Tags: aerobics | VO2 Max | neurons | Dr. Oz

Aerobics Make You Smarter

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Tuesday, 08 Mar 2016 12:24 PM Current | Bio | Archive

VO2 Max may sound like a new series on the SyFy Channel, but it stands for maximum rate of oxygen consumption during exercise. It is a measure of aerobic fitness.

As an 18-year-old in Lillehammer, Norway, cyclist Oskar Svendsen, is said to have measured 97.5 — one of the highest VO2 Max scores ever recorded. By comparison U.S. Olympic marathoner Joan Benoit only hit 78.6.

But if a new lab study from University of Michigan and the Academy of Finland is right, these folks are more than super athletes, they're super smart too.

Sustained aerobic exercise, as opposed to short bursts of intense aerobics or resistance training, stimulates growth of new neurons in the brain. And that means there's more ability to learn and navigate spatially complex environments.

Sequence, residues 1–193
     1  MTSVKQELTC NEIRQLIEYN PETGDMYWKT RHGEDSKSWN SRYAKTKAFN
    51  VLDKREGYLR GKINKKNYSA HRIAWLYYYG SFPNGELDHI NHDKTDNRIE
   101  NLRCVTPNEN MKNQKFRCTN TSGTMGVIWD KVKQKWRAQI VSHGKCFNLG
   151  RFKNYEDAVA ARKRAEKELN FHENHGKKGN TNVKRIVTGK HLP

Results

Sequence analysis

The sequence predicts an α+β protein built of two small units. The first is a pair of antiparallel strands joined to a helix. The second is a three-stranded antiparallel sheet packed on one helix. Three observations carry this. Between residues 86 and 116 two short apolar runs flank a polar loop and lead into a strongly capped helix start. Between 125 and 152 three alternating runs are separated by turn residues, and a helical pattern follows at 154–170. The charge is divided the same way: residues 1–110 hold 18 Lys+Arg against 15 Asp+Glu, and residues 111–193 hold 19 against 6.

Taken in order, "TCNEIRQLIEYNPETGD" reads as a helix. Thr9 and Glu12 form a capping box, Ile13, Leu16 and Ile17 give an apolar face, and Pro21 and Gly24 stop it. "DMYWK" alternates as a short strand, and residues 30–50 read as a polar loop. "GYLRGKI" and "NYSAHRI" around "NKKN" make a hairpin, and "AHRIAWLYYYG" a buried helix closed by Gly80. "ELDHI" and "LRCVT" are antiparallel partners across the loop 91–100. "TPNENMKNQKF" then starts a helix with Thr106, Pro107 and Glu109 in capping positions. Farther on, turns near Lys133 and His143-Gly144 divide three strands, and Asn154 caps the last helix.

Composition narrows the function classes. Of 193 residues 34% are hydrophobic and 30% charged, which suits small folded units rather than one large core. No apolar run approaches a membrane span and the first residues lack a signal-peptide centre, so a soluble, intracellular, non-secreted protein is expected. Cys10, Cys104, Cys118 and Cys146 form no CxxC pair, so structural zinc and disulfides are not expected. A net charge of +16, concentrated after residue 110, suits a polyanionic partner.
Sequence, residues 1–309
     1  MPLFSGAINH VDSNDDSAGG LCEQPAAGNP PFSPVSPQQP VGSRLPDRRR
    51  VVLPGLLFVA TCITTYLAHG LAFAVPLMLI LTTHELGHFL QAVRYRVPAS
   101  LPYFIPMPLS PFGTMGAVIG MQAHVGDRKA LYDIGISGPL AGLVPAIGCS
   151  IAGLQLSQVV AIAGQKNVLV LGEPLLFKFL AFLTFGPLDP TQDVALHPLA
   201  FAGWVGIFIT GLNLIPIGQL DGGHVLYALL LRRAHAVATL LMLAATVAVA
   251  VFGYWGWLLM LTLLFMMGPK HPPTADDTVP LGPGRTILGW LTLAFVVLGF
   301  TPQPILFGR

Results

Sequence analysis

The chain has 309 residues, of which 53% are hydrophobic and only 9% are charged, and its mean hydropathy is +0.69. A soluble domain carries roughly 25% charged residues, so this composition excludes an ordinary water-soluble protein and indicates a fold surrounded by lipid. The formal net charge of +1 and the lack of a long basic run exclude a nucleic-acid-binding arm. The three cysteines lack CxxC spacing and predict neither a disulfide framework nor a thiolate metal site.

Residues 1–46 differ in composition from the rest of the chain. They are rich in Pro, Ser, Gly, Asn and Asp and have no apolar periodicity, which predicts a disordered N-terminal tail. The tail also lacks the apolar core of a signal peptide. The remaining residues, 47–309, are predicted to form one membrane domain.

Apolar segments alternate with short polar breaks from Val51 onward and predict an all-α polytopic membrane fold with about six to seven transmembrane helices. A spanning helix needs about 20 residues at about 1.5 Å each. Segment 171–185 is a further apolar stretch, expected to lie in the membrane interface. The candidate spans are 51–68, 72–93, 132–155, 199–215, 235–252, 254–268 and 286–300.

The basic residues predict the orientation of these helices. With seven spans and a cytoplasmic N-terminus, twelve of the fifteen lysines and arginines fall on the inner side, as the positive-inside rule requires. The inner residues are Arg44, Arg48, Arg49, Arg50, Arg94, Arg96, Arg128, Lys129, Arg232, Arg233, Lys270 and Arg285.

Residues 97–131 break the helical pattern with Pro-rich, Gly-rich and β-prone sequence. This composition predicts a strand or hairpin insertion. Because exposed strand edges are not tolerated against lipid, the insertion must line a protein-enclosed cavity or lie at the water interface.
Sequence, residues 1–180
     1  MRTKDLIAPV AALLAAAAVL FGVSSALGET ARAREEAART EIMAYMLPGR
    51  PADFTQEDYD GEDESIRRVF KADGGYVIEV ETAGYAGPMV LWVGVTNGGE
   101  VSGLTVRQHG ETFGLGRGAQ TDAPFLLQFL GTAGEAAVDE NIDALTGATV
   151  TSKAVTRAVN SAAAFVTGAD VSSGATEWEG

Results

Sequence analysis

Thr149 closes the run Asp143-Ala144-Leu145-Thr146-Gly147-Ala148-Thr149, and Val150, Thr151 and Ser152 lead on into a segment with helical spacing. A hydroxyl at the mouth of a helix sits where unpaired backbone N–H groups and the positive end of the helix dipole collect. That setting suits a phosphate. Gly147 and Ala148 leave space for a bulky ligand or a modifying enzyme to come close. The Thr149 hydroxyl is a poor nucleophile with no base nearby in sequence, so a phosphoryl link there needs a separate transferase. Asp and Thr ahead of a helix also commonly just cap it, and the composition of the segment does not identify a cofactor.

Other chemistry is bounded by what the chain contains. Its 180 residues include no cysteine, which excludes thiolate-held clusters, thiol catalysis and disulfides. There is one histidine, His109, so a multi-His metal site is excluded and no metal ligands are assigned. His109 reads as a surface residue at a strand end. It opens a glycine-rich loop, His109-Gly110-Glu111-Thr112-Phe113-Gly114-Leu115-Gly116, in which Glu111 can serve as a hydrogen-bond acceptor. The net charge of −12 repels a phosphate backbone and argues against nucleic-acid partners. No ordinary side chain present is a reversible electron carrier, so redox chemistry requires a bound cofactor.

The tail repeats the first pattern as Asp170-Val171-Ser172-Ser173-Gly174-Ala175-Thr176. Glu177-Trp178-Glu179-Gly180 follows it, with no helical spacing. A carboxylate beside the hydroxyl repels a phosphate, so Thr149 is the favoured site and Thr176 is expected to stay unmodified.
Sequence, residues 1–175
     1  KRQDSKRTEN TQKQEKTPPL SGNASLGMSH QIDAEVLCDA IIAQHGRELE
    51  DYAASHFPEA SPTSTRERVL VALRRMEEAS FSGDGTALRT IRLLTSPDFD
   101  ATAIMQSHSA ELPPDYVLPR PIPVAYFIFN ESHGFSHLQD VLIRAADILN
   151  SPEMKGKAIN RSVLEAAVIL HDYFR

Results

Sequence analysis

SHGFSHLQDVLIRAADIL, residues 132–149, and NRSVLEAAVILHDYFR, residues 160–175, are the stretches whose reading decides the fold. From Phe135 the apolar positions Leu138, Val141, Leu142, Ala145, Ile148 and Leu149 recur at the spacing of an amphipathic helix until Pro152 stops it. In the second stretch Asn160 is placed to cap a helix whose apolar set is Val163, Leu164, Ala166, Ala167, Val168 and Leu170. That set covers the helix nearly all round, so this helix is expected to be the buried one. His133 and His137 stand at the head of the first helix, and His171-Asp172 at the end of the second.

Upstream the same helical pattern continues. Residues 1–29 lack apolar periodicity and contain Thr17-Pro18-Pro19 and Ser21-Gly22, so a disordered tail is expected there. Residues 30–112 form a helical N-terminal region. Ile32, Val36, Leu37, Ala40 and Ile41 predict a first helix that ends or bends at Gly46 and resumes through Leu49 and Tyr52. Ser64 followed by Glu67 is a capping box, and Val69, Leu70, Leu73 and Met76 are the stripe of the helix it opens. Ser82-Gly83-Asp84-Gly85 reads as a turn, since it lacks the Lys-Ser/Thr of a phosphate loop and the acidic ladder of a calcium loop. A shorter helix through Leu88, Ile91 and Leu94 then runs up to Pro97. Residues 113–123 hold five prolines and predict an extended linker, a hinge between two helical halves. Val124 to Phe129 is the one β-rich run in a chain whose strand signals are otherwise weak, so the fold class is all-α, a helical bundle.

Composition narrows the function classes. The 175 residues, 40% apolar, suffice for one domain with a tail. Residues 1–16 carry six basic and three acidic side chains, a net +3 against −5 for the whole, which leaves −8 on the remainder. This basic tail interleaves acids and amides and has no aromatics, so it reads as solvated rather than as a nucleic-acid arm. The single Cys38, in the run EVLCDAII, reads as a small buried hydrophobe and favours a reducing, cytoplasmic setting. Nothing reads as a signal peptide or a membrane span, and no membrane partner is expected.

So if you want more energy and more brain power, here's how to get started.

1. Exercise choices. Basic aerobic activities include swimming, cycling, and walking. Up the intensity by hitting 70 to 85 percent of your maximum age-adjusted heart rate during 48 minutes of aerobics three times a week, and do 240 jump-rope jumps daily.

2. Exercise frequency. It's OK to do basic aerobics daily, unless you have reoccurring joint pain (or are training for an endurance event). Then work with a physical therapist to develop routines that are less inflammatory.

3. Exercise intensity. To begin, do aerobic activity at a level that allows you to carry on a conversation. This "talk test" helps you determine if a particular activity is too strenuous for you.
 

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Sustained aerobic exercise, as opposed to short bursts of intense aerobics or resistance training, stimulates growth of new neurons in the brain.
aerobics, VO2 Max, neurons, Dr. Oz
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2016-24-08
Tuesday, 08 Mar 2016 12:24 PM
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